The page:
I did doze off, sure. But the terrifying events described in the TV commercial filled my dreamscapes—only now, they all took place under water. And when I woke, all the fish in the tank somehow seemed to be staring at me with evil, psychic vision. I darted from the room, dashed down the stairs and headed for my parents’ bedroom once again—but knowing the look of disappointment and frustration that would greet my tentative “Mom….? Dad…? I had a bad dream…” I paused in the dark. I couldn’t face their exhausted reaction. I resolved to solve the crisis myself. I turned to go back to my room and immediately came face-to-face with two glowing eyes.
“Ebony!” My uncle’s cat—a black cat, incidentally. He wanted nothing to do with me, but I knew I’d feel better with the cat sleeping in my room—so I scooped him into my arms, flew up the dark stairs and returned to bed, clinging to Ebony the whole time. I held the irritated cat close, and he was surprisingly accommodating of my neediness—I did indeed drift back to sleep. Of course, as I drifted, my muscles relaxed and that’s when Ebony saw his chance: he clawed my hand and ran from the room. By this time it was so late I decided to stay awake until the sun came up and, for the first time in my life, I bounded up at seven o’clock to get ready for school.
Staying awake that day zapped all my strength, and by dinner I was so exhausted I almost fell asleep at the table. But when my parents suggested an early bedtime, I fought like a savage. That’s when they finally reached the end of their collective tether. Mom put on her slippers and stalked down into the basement, returning with an old black-and-white television she’d had in her room before marrying my dad. She cleared off the top of my dresser and plunked the TV down on top. I stared, horrified. The commercial (and, with it, Satan) entered my life through the television; my mother literally brought the offending device right into the midst of my bedroom!
“But,” I stammered, “but-but—what if the commercial comes on?? What if I see it??”
She looked at me, haggard. She desperately wanted to sleep through the night. So did my father. And I felt for them both, I did. But what would I do if it came on?
“We’ll put on the Home Shopping Network,” she said, searching for something—anything—that would quiet my steam-engine brain. “That’s all commercials, and they don’t sell those books.”
“But what if they do now??? What if they start selling them???”
“Then,” my mother said, citing one of her favorite lines, “you’ll just have to fight your fears.”
That quotation always signaled the end of the discussion. Mom adjusted one of the UHF knobs on the television and found the Home Shopping Network.
“Good night,” she said, “I think this will do the trick.” She shut out the light, and left the room. Why don’t you just macramé another terrifying beast and leave me alone with that, I thought. But I settled back into bed, keeping my eyes glued to the suited and big-smiled salesman. He talked into the camera, extolling the virtues of some tacky piece of knick-knackery, warning me that I only had 3 minutes and 47 seconds to make this purchase. But he encouraged me, too; he took my emotional hand and advised me that operators were, indeed, standing by when I was ready to participate in this exceptional deal.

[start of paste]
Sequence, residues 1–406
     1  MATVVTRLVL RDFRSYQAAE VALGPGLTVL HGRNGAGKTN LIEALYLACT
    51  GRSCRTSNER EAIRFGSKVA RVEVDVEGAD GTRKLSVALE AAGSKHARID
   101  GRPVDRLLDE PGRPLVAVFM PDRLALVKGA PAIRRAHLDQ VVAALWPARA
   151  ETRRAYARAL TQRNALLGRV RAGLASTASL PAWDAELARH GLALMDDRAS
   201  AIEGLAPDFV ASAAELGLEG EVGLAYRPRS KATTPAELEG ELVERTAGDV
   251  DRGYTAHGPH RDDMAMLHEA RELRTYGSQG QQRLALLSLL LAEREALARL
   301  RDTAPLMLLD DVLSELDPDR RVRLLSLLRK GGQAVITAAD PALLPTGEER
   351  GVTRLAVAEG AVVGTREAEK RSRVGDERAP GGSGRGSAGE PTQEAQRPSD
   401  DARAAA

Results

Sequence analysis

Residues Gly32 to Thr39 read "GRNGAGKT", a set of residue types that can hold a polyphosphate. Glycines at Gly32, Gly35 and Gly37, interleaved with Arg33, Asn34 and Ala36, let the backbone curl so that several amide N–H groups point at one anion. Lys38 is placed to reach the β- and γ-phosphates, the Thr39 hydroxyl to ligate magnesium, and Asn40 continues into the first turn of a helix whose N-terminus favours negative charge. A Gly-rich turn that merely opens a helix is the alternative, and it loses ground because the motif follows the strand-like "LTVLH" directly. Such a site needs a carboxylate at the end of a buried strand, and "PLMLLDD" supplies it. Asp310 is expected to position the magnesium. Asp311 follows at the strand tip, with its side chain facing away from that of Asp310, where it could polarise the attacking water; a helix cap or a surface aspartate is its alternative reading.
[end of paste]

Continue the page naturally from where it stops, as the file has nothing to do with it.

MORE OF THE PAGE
And somehow, somehow, this was the thing that worked. This was the silver bullet we’d all been searching for. And for the next three years I fell asleep to the hyped-up pitches and teased hair of the hosts of the HSN. Not only that, but I emerged as an expert in their products. At parties, I could be found telling my parents’ friends all about the beauty and craftsmanship of Cape di Monte pottery or the exquisite quality of cubic zirconia jewelry. When my mother considered returning a sequined top in the shape of a butterfly (an HSN impulse buy that looked like a combo of Bea Arthur’s Golden Girls formalwear and the costumes for the original production of La Cage), I convinced her to keep it. “Because it’s beautiful,” I said, “and because you bought that during a lightning special and supplies were limited!” (I may also have convinced her to keep it because I wanted to try it on.)
Somehow, a 24-hour shopping network saved me from the terror of Mysteries of the Unknown. (It also instilled a tacky, drag-queen taste that still makes me marvel at anything shiny or sequined—but some things can be lived with.) And I did eventually grow out of watching the HSN. I found other things to fall asleep to. Strangely, at some point, my bedtime shows-of-choice became Unsolved Mysteries and In Search Of—two shows that mirrored the format of the terrifying Mysteries of the Unknown series: the same cheesy re-enactments, the same kinds of scenarios, the same kinds of eighties new-agey music. Somewhere along the line, I’d come full circle and had fallen for the very things that used to terrify me. My tastes still run to the ghostly when it comes to movies and books.
But, then, aging does that. Ghosts and supernatural things may terrify a child, but as an adult those things become comforting. The older—and, thus, more mortal—we get, the more helpful it is to think that there’s something out there that’s greater than what we know. I’m still a nervous wreck, but it’s the natural that scares me now. Bring on the haunted stuff—what can a ghost to do me? Reality, on the other hand? That can do a number on a guy. At this point in life, I wish the only thing that scared me was Mysteries of the Unknown.